The quote was actually attributed to him and made famous in 2006 by Mark Fields, chief executive at Ford. Twelve years later, it's corporate-speak for purpose-led and human-centered businesses, and truth is, culture eats strategy for lunch and dinner too.
The premise held by Drucker is that a company's culture will trump any effort by a management team to enforce a strategy that is incompatible with that culture. In the end, it's culture that wins.
Ensuring that culture is upheld -- its beliefs, behaviors, purpose, and values -- falls squarely on the shoulders of senior leaders as "caretakers of the culture." They champion the company's identity and protect its culture for competitive advantage.
They are also the caretakers of the people that make up the culture -- its employees, who then are held responsible for living out the tenets that hold the culture together.
This is "hire and fire" stuff we're talking about here. It's very-much a part of performance planning and promoting people.
But what makes these "caretakers of the culture" stand out?
As you inspect these leaders closer, you can rest assured that certain negative management practices and untrustworthy behaviors by bad bosses will never be displayed.
Here's what you will visibly see in action, day in and day out.
1. Caretakers of the culture invite feedback.
It takes humility, an open mind, and a lot of active listening with employees' interests in mind to be open to feedback. As caretakers of the culture, good leaders will ask peers and respected high-performers the tough question, "How am I doing as a leader?" And then they listen. They are truly interested in receiving honest feedback so they can grow themselves and others.
2. Caretakers of the culture play for the team.
Leaders that forge ahead with a win-never at-all-costs agenda at the benefit of some and expense of others will quickly create silos, alienate people, and lose respect of the whole. Caretakers of great company cultures don't seek the glory or take the credit; they empower their people to do all the work, brainstorm solutions that add value and benefit the whole team, and give them all the glory after a great effort.
3. Caretakers of the culture know it doesn't happen without trust.
Leaders championing a company's culture need to ask a very important question: "Does my behavior increase trust?" If you want to ensure your culture is safe and its common set of values are held tightly without being violated, trust is a non-negotiable pillar that every person -- leaders, employees, and other stakeholders alike -- should stand on.
4. Caretakers of the culture are selfless leaders that serve the culture.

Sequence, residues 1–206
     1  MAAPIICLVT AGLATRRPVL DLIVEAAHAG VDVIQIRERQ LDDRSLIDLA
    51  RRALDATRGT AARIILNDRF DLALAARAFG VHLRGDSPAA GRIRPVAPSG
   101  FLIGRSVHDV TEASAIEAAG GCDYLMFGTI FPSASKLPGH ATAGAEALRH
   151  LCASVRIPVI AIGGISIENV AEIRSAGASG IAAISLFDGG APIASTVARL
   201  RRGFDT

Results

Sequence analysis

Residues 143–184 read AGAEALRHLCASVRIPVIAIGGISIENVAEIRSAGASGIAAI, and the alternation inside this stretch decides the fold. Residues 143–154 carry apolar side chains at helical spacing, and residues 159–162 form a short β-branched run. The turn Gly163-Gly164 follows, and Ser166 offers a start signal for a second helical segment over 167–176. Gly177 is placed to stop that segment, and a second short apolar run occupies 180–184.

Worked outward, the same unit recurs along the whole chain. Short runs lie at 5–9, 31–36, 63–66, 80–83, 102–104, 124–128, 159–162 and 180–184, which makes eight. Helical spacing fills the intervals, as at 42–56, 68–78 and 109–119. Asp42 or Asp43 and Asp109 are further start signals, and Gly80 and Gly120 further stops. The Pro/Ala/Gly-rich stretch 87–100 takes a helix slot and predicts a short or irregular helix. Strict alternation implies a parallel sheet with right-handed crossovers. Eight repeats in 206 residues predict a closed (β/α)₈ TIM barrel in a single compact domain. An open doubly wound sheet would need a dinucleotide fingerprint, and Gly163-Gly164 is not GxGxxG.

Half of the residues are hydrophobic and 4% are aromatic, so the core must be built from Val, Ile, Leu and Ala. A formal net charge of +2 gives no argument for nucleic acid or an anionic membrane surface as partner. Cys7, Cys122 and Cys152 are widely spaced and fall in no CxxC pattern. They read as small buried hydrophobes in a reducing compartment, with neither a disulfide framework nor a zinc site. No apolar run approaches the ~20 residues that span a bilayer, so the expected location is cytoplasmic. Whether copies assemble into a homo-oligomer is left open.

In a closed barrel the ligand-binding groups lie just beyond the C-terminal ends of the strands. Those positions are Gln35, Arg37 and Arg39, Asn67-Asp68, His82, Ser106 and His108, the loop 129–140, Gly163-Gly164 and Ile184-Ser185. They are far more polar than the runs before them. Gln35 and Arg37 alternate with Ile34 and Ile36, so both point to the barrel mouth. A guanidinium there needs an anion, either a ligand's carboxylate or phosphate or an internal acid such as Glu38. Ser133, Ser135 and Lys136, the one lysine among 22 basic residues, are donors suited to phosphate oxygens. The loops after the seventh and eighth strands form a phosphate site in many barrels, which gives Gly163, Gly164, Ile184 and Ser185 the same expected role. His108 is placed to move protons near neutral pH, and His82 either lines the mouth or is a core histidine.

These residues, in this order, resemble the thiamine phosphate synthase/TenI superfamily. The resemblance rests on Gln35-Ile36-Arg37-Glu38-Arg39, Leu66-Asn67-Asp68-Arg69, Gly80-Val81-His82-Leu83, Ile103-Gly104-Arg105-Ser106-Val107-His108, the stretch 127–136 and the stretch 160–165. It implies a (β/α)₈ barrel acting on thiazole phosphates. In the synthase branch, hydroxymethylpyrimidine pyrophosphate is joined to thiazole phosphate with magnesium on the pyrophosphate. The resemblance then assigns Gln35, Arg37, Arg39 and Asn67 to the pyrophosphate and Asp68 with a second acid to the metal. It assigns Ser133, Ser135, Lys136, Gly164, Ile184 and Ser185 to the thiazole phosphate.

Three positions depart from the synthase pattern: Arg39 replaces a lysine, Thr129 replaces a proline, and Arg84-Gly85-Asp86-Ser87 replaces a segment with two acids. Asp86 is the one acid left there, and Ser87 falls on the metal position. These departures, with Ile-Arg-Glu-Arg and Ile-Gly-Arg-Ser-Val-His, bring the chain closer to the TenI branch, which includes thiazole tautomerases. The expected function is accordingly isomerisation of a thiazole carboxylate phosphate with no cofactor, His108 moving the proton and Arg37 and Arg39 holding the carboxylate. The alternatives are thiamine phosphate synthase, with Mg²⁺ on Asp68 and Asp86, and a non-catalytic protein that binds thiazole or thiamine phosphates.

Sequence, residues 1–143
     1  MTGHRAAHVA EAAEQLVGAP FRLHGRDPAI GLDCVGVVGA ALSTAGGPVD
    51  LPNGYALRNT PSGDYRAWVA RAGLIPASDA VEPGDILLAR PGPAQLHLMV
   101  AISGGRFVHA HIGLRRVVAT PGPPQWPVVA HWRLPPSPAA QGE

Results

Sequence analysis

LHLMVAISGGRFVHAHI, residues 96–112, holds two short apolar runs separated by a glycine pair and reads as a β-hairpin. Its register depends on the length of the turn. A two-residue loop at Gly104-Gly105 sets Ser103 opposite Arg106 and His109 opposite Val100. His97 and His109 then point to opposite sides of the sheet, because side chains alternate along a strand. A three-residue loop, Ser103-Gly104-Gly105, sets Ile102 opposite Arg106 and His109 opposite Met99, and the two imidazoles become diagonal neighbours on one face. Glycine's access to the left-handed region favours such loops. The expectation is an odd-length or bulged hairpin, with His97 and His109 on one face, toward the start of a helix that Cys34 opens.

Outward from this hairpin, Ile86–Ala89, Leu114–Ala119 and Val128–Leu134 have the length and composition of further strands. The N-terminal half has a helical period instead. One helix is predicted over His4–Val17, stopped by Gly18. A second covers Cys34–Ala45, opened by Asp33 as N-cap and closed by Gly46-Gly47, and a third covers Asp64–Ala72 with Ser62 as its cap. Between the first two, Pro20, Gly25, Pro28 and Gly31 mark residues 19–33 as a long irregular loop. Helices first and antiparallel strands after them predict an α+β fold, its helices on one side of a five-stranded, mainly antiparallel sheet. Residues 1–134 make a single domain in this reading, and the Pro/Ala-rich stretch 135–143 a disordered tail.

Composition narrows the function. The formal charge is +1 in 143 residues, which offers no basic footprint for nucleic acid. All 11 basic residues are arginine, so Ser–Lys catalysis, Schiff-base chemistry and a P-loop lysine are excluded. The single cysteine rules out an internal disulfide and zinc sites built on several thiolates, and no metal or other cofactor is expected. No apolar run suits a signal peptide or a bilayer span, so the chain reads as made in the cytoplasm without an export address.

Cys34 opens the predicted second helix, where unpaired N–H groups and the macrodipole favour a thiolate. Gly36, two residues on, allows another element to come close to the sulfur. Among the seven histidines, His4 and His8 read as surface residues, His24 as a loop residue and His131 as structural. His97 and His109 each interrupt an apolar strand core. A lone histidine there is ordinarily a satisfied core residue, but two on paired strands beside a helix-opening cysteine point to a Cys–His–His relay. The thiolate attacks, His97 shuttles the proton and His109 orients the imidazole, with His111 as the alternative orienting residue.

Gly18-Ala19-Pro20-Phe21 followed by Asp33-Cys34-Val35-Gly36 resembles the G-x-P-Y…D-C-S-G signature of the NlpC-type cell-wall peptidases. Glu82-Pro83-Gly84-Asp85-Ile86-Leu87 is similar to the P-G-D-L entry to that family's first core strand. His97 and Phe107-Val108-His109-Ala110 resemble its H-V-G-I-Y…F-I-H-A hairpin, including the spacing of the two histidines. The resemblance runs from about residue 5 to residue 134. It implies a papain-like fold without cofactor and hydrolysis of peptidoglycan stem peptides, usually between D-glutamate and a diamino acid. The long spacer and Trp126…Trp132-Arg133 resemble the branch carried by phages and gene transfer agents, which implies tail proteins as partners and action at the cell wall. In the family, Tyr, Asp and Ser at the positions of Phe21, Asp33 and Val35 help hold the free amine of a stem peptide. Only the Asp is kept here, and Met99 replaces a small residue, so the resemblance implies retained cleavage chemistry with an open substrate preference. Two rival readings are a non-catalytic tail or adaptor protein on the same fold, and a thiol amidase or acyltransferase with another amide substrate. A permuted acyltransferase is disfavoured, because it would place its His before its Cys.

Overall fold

In the newly-released Servant Leadership in Action: How You Can Achieve Great Relationships and Results, Raj Sisodia, cofounder of Conscious Capitalism, says this about being a selfless leader:
A leader who operates with a primary emphasis on self-interest naturally views other people as a means to that end. You cannot be a true leader if you operate at that level of consciousness. Selfless does not mean eradicating the ego...it is about harnessing the ego in healthy ways. As the Dalai Lama has said, '[W]e must make sure it is a serving ego and not a deserving ego.'
5. Caretakers of the culture foster vulnerability across the organization.
In Servant Leadership in Action, Simon Sinek, author of three bestselling books, hits the nail on the head about the importance of creating a culture of vulnerability:
Creating a space in which people can feel vulnerable means a person can walk into their boss's office to admit a mistake without fear of losing their job. It means someone can raise their hand and ask for help, admit they have been given a responsibility they don't feel prepared or knowledgeable enough to complete, or admit they are scared without any fear of humiliation or retribution. In contrast, in a work environment that lacks good servant leaders, people will go out of their way to follow the rules at all costs, cover up mistakes, and deny accountability.
6. Caretakers of the culture firmly believe in their people.
In a conversation with Rolling Stone magazine in one of the lowest points of his career, Steve Jobs once said: "What's important is that you have a faith in people, that they're basically good and smart, and if you give them tools, they'll do wonderful things with them." As Jobs evolved as a leader, he demonstrated increasing faith in his employees. As caretakers of the culture, you adopt a "trust first" mindset before trust is earned because you accept and believe in your employees' abilities to use their brains and talents to create and innovate.